Wednesday, May 29, 2024
May 29, 2024

Film genre explored in next Viva Chorale concert

One might expect Viva Chorale director Caroni Young to laugh off a seemingly boilerplate question about how she comes up with program ideas for the Salt Spring-based choir.  

And the laugh comes — but there’s a typically thoughtful answer right behind it. Under Young’s direction, Viva Chorale’s concerts have consistently surprised audiences with innovative selections that encompass broader themes. The upcoming performance is no exception; Young said the choir was in its final weeks of rehearsal for Spaghetti Western, a two-act concert that will delight music lovers even as it gently encourages an examination of how Western cinema depicted Indigenous culture. 

“I think it was the idea of pairing two things that are contrasting yet related through this movie genre that sort of sparked my interest,” said Young. “In terms of a beautiful classical Italian repertoire, but then looking for something playful that would highlight the ‘Western’ side.” 

Viva Chorale has performed themes from Western movies over the years; Young said those sorts of pieces showcased the various aspects of the choir singers’ skill sets. But the upcoming performance will split the concert into two halves: classical music from Italy first, then selections from Westerns, with surprising correlations.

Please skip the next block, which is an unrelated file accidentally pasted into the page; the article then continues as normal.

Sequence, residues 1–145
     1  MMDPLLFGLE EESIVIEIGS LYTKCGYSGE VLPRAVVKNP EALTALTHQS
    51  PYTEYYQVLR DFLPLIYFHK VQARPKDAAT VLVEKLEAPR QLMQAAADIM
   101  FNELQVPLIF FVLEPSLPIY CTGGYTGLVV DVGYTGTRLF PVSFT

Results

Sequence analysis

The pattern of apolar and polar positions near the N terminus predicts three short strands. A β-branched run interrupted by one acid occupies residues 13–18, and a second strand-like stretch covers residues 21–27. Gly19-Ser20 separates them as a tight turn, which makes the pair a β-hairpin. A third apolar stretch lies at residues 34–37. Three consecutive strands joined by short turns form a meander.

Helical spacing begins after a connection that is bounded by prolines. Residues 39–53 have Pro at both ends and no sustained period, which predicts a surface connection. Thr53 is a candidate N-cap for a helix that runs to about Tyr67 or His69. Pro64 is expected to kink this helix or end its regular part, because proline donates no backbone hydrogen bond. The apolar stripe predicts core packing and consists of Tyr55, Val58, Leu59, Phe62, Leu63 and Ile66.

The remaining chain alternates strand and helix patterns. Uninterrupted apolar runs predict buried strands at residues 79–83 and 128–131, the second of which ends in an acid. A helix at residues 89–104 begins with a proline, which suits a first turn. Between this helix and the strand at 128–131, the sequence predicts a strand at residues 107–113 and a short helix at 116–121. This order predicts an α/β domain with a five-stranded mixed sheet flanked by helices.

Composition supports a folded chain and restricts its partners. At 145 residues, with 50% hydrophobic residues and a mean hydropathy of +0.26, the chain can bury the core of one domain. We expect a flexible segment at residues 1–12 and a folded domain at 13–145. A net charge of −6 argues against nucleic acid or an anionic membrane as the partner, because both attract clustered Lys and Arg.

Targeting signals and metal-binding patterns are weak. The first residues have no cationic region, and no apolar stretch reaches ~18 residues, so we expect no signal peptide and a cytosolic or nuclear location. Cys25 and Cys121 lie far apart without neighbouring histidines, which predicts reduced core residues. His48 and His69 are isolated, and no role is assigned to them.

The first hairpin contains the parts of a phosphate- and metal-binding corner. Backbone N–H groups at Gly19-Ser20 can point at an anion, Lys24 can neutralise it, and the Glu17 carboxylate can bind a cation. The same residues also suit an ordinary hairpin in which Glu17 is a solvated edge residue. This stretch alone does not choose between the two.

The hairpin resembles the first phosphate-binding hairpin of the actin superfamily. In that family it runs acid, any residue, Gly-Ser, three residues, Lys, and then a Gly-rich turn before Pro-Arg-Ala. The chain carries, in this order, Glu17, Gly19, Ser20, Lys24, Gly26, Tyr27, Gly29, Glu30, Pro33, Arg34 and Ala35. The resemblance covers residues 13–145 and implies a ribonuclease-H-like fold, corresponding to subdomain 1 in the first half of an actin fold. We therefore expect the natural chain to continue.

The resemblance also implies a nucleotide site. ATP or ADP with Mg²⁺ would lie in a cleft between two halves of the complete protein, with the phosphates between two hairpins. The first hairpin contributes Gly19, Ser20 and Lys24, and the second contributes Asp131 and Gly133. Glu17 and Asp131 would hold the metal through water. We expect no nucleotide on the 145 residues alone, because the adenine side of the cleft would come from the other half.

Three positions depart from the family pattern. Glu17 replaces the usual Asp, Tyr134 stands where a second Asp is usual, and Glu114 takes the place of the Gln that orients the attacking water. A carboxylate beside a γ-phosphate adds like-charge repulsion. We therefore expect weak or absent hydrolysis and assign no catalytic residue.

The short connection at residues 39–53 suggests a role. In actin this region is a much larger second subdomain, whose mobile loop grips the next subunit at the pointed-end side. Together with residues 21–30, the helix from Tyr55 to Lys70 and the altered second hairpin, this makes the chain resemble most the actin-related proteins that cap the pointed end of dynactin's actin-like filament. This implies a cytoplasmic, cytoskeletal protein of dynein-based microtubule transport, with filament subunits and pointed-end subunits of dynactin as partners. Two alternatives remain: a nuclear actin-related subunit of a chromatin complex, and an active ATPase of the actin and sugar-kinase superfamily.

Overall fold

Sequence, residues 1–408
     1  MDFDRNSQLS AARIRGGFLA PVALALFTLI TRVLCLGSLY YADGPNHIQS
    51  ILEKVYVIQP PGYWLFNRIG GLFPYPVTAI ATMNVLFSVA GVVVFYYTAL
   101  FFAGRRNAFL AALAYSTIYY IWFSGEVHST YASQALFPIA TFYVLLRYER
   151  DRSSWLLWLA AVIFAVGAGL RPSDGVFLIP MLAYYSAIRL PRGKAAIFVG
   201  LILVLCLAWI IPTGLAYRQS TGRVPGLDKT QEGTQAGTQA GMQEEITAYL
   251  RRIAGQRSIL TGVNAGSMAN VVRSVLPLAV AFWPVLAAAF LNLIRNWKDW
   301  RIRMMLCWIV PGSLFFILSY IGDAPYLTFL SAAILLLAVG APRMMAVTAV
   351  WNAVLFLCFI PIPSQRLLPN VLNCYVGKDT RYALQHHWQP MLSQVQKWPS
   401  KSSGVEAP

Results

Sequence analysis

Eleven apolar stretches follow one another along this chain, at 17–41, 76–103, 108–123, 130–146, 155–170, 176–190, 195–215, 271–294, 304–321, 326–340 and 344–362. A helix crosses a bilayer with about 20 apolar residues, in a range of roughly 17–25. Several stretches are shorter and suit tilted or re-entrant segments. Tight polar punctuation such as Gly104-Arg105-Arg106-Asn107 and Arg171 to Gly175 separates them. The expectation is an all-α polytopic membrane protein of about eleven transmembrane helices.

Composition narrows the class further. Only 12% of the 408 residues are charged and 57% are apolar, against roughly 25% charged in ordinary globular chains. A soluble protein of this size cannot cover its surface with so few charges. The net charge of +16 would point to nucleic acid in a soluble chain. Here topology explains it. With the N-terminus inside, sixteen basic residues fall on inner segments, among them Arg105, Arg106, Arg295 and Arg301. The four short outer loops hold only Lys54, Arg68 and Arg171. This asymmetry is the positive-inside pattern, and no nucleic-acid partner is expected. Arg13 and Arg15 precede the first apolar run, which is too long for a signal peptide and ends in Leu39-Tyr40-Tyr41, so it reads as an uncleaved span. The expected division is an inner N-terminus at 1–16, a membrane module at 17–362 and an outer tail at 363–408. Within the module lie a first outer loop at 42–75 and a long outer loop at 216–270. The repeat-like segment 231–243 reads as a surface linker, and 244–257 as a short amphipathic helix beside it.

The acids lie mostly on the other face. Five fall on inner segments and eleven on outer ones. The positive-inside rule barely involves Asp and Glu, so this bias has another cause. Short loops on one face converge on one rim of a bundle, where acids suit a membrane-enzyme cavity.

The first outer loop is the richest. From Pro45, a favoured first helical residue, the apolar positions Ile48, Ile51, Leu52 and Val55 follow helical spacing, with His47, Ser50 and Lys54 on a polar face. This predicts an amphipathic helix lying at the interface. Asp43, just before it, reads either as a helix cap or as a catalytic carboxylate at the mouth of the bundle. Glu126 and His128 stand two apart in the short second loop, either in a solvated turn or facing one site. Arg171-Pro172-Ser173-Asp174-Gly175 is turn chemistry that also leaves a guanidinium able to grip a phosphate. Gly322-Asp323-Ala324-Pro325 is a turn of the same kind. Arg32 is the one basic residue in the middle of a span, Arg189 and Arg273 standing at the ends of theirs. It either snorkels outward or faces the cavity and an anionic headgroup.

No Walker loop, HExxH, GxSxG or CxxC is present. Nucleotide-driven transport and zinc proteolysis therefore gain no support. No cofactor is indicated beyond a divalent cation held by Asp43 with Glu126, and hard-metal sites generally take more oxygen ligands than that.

The idea of the Spaghetti Western, according to Young — cowboy-genre films produced in Italy, using mostly Italian actors and crew and ultimately dubbed into English for U.S. and Canadian audiences — was itself a sort of subversion of expectations. 

“It took the American or European model of cinematography — even the way they would do close-ups on certain characters’ faces at particular times — and try to be something like the American version, but it was just not quite as you would expect it to be,” said Young. “So for this concert, it sort of became the underlying theme — that things aren’t always as they appear.” 

Young said a lot of Viva Chorale’s repertoire has some sort of link to that idea, and a recent documentary she had watched while working on the program had brought the “Spaghetti Western” notion into focus — how American filmmakers shaped a lot of the stereotypes and misconceptions carried into today about Indigenous culture, through how they were represented in the films. 

“So part of the program is speaking to that concept,” said Young. “There’s that playfulness, but with the underlying intent of hopefully asking the audience to reflect on how our perceptions have been changed and shifted by Hollywood as well.” 

Spaghetti Western is at ArtSpring on Saturday, April 22 at 7:30 p.m. and Sunday, April 23 at 2 p.m.

Tickets are available through ArtSpring.

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